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17 March 2012

The Skies can't keep their secret!


The Skies can't keep their secret!

They tell it to the Hills –
The Hills just tell the Orchards –
And they—the Daffodils!



A Bird – by chance – that goes that way – 

Soft overhears the whole – 

If I should bribe the little Bird – 

Who knows but she would tell?



I think I won't – however – 

It's finer – not to know –

If Summer were an Axiom – 

What sorcery had snow?



So keep your secret – Father!
I would not – if I could – 

Know what the Sapphire Fellows, do,

In your new-fashioned world!

                                                            F213 (1861)  191


Dickinson creates an anthropomorphised world that bustles with news and gossip. The skies spill the beans – no doubt in the form of rain. The freshly watered hills wake up the daffodils from their sleeping bulbs. The birds are back and see it all. Spring is coming and word spreads fast. The poet, however, declines the opportunity to get the news by bribing a little bird. Her rationale isn’t that bribery is immoral but that she would really prefer not to know. Dickinson often uses spring as a metaphor for rebirth, and that is the central metaphor of this poem. Would she choose to learn when spring is coming and what it will bring? Would she choose to know when she will die and what will happen? No, she concludes: “It’s finer – not to know.”
Daffodils welcoming spring
Sarah Laurence
            Dickinson again chooses the naturalist’s approach to the world rather than the academic’s or theologian’s. She observes in rich detail but is quite reluctant to draw conclusions. Better, to her, the wonder than to have the Latin names and dry scientific knowledge. I suppose this is a poet’s eye, looking at each event, each bit of the world that catches the eye, afresh. Those of us who name, categorize, and systemetize  inject at least one layer between us and the actual world. This preference for questions over answers is one reason why we love our poets!
            And so this poet tells God, her “Father,” that she doesn’t want to know the hidden truths: the day spring finally arrives, or what summer will bring, or what happens when souls are reborn. It’s better, she says,  to let those “Sapphire” skies bring surprises.
            She asks a rather difficult question in the penultimate stanza: “If Summer were an Axiom,  / What sorcery had snow?” An axiom is a self-evident truth, something that goes without saying. Sorcery, of course, represents mystery and magic. If Summer in all its bounty becomes so predictable and common as to lose its mystery, what fascinations could winter possibly bring? The cold, lifeless snow stands here for death, just as spring is rebirth and summer life or eternal life. In a very light-hearted way, Dickinson is saying that since she really doesn’t want to know when her death will come and what happens after death, she won’t ask any questions about the glories of being alive right now, of being able to feel the rain and watch the flowers grow.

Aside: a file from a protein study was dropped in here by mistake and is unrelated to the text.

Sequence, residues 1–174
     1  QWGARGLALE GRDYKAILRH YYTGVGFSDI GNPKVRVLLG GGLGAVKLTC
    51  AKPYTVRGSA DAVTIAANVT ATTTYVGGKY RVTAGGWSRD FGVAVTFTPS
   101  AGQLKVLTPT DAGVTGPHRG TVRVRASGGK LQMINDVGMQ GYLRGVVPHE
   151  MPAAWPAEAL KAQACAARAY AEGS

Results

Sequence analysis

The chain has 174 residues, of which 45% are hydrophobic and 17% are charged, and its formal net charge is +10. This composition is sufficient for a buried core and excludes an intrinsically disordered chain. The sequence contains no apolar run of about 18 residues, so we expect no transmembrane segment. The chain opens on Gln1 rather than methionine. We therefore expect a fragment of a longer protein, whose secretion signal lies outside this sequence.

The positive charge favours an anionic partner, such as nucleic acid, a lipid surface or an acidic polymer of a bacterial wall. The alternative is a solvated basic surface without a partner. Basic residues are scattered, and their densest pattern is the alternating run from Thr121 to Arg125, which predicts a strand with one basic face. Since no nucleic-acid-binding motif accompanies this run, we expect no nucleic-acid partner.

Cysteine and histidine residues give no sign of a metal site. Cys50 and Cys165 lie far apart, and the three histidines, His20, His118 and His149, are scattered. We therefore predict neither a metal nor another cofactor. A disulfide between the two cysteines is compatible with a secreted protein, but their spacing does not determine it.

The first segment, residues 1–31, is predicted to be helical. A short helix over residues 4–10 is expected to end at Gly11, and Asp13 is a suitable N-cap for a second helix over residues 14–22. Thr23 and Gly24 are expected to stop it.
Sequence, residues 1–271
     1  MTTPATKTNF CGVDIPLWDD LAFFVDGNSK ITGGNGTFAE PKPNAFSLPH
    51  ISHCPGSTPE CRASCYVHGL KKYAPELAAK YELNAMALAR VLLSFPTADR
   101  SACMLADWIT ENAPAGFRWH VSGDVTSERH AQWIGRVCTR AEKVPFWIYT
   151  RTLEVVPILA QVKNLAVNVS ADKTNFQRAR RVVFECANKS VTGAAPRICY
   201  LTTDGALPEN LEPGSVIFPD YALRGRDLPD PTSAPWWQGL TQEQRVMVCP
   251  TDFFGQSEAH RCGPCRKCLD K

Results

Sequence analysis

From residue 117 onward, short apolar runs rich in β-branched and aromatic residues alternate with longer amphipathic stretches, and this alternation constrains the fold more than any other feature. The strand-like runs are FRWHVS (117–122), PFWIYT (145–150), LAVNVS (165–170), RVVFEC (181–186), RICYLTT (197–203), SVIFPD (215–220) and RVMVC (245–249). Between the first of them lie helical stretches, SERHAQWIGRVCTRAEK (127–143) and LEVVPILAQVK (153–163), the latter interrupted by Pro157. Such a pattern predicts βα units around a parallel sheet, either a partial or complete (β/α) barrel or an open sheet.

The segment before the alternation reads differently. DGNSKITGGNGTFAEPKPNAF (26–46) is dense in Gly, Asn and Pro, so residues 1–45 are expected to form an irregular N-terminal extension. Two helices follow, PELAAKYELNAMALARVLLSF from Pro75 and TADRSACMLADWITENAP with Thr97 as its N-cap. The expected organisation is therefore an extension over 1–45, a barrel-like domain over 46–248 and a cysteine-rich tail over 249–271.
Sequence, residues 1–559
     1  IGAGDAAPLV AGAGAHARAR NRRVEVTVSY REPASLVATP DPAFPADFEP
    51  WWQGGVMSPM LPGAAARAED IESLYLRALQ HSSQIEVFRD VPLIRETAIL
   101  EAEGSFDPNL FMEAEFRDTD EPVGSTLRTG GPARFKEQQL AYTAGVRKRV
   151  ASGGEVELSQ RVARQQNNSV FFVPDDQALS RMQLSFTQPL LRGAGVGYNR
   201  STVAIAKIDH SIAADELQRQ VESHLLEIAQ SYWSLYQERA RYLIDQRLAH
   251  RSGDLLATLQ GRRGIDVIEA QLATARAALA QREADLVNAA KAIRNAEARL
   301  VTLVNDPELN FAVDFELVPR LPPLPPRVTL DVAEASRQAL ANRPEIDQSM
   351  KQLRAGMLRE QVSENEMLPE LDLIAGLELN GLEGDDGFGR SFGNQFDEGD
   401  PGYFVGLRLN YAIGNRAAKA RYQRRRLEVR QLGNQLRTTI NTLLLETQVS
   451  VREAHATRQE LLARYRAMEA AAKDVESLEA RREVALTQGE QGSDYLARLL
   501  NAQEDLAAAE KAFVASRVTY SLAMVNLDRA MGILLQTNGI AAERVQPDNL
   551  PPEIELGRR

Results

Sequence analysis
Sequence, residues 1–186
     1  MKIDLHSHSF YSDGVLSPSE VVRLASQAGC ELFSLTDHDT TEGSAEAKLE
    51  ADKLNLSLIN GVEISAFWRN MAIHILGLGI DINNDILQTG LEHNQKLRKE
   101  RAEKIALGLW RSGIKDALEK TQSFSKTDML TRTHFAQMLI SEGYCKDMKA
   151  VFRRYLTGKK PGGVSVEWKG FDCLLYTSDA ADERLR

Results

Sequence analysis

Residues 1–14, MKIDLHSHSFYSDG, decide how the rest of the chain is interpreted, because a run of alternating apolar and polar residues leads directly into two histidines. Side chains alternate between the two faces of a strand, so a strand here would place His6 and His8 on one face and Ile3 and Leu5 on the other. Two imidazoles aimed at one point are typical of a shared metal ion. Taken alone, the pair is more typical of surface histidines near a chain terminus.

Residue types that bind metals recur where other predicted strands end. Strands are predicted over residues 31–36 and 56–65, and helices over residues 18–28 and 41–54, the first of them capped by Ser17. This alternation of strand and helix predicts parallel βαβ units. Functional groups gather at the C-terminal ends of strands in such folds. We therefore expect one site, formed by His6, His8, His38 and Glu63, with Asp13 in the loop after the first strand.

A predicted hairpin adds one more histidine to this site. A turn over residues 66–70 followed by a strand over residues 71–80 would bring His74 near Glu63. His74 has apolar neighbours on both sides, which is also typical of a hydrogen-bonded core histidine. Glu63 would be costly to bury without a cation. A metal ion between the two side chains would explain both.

6 comments:

  1. Enjoyed your interpretation here and the project generally, thank you.

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  2. Having just encountered this poem, rereading John Fowles’ ‘The Aristos’ (for the umpteenth time), your commentary has helped clarify my thoughts mightily!

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    1. Now that is a comment that begs amplification! (Particularly since I have never read The Aristos)

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    2. In a nutshell (and this is a massive over-simplification), Fowles is discussing, firstly, why humanity (feels it) needs (to believe in) gods; and then goes on to discuss the unknowable – especially death: both how we cannot know what happens after it, and how, once dead, we cannot know what came before it: that is, that we existed.

      ‘The Aristos’ is all in note form; and one in this section (entitled ‘The Godgame’) cryptically just reads: “Emily Dickinson: ‘If summer were an axiom, what sorcery had snow.’” – and I wanted to know why he had included it there.

      Google led me to your blog, and your lucid explanation of how you understood the poem – which has always slightly puzzled me in its switch from everyday language to almost-mysticism (something she does quite often (I am currently studying Copland’s setting of eight of her poems…)) – and I suddenly ‘got it’!

      You made it seem so obvious… – but, of course, poetry is defined by its complexities, many-meaning words, and ability to be relevant/interpreted in different ways: so we may both be wrong! But I have a feeling that you got it right… – or at least helped me see what I hadn’t before. So, thank you, again!

      PS: I hope this has helped… – although I have a feeling reading Fowles’ book may contextualise things immensely?!

      PPS: When I am not stuck typing into my phone, I shall come back for your interpretations of the verses Copland set so marvellously. (There is a wonderful recording by Orchestra of the Swan – I may be biased, as I am their Writer-in-Reticence… – with the miracle that is April Fredrick: a soprano from Wisconsin, who has also studied Dickinson.)

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    3. That is very interesting -- thank you so much! I will look up the OOTS recording. I've only heard the Copland pieces once and that was long ago. What a lovely thing to be -- their writer (one I hope not too reticent).

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